By Janis Jibrin, M.S., R.D., Best Life lead nutritionist
How’s your fat? Don’t worry—I’m not talking about your thighs or belly. I’m referring to the fat on your fork. You’ve heard about all the great things omega-3 fats can do for you, including boosting your mood, keeping your brain sharp and reducing your risk for heart disease. One reason for its stellar health creds: It fights chronic inflammation. But it can’t do its job if it’s outnumbered by its chief rival—omega-6 fats.
These two polyunsaturated fats compete for entry into your cells, and for most Americans, omega-6 is winning handily. Our bodies evolved to thrive off an omega-6 to omega-3 ratio anywhere from 1:1 to 4:1. Instead, the ratio is 16:1 or higher. That imbalance may literally be killing us.
Where does all the omega-6 come from? Soybean oil is a major source; processed and fast foods are rife with it, and it’s the oil in “vegetable oil” sold in the supermarket. Meanwhile, we eat very few omega-3 rich foods, like fatty fish, chia seeds and flaxseed.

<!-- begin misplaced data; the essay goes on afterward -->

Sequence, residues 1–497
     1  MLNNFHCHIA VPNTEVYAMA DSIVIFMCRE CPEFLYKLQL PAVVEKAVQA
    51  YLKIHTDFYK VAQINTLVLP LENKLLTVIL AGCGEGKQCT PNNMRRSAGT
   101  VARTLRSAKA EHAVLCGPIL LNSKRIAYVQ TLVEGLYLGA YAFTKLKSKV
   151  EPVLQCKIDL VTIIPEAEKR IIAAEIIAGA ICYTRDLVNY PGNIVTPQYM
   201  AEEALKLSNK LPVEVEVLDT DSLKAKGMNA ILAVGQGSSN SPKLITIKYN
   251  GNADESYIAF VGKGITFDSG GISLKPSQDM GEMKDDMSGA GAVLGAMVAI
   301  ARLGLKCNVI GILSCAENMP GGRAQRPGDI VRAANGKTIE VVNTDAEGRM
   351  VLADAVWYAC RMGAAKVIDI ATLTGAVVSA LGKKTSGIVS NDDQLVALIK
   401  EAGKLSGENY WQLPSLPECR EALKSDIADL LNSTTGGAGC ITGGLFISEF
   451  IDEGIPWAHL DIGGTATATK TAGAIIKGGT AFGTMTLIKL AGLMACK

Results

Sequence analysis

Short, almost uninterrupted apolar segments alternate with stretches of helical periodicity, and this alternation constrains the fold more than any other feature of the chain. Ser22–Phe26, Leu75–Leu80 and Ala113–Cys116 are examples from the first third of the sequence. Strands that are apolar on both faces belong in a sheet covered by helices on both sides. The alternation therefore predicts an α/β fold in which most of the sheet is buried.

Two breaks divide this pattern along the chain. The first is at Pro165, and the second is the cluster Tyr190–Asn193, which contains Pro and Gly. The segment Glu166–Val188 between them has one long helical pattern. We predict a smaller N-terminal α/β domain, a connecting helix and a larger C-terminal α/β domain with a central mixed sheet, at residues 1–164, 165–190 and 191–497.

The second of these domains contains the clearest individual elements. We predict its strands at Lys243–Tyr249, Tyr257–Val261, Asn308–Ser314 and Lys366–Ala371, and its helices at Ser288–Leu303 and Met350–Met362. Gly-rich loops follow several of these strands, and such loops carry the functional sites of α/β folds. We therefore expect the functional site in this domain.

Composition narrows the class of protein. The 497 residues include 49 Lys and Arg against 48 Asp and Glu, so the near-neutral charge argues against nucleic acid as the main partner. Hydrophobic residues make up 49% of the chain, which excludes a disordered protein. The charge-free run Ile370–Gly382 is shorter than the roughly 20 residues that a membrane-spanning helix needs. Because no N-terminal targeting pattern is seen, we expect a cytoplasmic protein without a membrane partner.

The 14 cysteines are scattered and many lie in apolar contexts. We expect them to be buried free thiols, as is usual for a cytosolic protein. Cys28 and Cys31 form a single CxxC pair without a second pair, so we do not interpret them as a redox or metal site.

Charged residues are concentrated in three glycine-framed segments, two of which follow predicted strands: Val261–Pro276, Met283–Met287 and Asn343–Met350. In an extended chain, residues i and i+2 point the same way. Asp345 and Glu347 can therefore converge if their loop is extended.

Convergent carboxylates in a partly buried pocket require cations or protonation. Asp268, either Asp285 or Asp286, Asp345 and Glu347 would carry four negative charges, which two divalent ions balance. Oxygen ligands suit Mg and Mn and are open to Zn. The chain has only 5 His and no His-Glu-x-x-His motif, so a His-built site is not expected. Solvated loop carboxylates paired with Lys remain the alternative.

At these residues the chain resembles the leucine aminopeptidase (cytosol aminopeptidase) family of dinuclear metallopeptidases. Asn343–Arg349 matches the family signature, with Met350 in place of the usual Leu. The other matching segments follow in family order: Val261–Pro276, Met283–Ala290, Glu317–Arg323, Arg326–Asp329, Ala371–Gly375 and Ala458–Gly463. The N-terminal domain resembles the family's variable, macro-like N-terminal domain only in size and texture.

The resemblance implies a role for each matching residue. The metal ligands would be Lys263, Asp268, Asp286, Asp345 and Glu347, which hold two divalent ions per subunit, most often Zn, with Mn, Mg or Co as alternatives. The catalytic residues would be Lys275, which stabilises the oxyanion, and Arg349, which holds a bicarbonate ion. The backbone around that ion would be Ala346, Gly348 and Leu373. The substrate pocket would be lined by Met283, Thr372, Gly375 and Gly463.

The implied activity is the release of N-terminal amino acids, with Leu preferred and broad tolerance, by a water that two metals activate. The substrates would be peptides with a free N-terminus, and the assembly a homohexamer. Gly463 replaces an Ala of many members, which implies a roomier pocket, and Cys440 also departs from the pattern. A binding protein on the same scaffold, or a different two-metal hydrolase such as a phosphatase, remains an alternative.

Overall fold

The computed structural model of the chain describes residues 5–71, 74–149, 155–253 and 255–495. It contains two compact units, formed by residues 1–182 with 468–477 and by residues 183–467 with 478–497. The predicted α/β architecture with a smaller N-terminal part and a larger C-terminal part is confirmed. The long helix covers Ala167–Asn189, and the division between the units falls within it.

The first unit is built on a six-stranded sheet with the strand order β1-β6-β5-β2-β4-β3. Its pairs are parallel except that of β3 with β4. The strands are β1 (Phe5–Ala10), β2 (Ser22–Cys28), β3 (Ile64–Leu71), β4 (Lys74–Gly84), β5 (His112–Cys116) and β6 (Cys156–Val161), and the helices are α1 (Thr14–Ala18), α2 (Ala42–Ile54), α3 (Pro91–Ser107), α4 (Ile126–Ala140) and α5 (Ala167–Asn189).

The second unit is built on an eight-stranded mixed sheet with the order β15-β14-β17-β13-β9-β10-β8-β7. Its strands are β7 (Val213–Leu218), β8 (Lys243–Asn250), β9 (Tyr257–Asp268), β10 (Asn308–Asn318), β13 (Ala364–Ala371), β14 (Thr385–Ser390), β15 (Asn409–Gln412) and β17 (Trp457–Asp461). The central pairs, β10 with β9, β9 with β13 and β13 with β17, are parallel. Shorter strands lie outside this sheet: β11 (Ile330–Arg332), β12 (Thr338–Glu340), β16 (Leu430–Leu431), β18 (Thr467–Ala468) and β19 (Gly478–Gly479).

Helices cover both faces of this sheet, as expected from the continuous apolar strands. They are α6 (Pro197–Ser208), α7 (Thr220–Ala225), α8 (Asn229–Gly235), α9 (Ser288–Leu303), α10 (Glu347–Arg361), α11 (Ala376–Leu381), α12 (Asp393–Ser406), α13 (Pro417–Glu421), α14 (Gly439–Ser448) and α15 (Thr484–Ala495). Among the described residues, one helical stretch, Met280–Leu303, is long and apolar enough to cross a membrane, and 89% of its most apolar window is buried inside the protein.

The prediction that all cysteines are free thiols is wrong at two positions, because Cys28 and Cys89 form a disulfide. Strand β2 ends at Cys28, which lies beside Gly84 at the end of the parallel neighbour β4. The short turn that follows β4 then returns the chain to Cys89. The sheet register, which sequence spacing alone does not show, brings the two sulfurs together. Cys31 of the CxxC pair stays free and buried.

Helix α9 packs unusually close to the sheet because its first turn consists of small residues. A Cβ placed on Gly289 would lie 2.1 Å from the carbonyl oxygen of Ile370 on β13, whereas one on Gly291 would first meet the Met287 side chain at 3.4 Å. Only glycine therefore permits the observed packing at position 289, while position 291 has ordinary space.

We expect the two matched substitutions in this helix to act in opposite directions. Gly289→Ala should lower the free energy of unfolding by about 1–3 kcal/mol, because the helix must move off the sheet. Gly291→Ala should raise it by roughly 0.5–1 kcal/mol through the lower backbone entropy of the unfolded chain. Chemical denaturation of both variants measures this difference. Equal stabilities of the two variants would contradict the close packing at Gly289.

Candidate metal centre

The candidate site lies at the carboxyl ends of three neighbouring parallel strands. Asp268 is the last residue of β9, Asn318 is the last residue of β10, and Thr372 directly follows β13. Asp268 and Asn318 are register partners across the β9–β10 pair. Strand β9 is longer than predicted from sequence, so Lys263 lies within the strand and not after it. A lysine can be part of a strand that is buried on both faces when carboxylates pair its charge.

Here’s how to get back in balance:
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Flaxseed is one of my very favorite foods, and ironically enough, one of my husband’s least favorite foods. I think he’s afraid of its nutritional superpowers. But for me, it’s one of the few foods I can’t do without and even travel with as it keeps me well, regular.
With flaxseed’s tremendously high fiber content it keeps my body running like a well oil machine when I’m incorporating it into my diet along with other healthy foods and plenty of water.
What is flaxseed? It’s estimated that flaxseed, much like chia seeds, have been cultivated for thousands of years, originating in Babylon. They’re a tiny little seed that comes from the flaxseed plant, which when in full bloom produces a beautiful, bright purple flower. Flaxseed can be consumed as a whole seed, milled seed, or extracted oil.
Health benefits: First and foremost, flaxseed contains both soluble and insoluble fiber, which promotes healthy digestion. But they are also high in omega-3 fatty acids – or ‘good fats’ – that contain phytoestrogens. These anti-inflammatory omega-3s have been shown to help boost the immune system, lower blood pressure, reduce blood clots, increase “good” HDL levels, lower triglyceride levels, and protect arteries from plaque buildup. Flaxseed also contains lignans, which have both plant estrogen and antioxidant qualities, and also promote regular digestion and have been shown to help prevent breast cancer.
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